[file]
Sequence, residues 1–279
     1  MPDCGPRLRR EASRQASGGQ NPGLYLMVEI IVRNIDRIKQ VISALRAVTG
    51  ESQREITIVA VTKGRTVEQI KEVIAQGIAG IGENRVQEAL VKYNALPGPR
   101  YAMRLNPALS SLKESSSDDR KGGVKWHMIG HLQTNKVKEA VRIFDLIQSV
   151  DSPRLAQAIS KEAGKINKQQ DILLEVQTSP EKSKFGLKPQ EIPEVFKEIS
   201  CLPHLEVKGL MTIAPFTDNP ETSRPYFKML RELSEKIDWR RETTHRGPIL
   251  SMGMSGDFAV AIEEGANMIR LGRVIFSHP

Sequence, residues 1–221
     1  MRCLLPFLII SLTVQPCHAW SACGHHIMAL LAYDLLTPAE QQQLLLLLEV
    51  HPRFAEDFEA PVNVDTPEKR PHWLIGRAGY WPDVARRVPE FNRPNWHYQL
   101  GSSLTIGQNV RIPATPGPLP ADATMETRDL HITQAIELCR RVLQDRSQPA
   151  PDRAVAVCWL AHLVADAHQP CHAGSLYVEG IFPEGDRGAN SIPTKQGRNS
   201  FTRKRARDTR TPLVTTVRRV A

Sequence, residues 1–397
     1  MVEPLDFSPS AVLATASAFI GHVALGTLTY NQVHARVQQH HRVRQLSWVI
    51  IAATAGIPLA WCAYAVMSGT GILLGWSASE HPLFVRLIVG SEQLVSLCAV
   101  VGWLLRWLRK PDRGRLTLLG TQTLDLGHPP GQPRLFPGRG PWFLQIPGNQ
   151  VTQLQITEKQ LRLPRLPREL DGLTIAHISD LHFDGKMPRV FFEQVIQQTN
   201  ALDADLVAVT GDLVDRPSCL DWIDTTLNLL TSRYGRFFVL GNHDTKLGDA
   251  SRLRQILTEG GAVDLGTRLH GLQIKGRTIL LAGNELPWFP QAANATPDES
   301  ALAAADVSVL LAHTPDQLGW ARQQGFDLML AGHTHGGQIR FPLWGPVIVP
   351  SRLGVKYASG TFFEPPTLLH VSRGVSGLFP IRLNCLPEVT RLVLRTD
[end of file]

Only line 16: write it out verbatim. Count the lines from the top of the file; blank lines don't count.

    51  IAATAGIPLA WCAYAVMSGT GILLGWSASE HPLFVRLIVG SEQLVSLCAV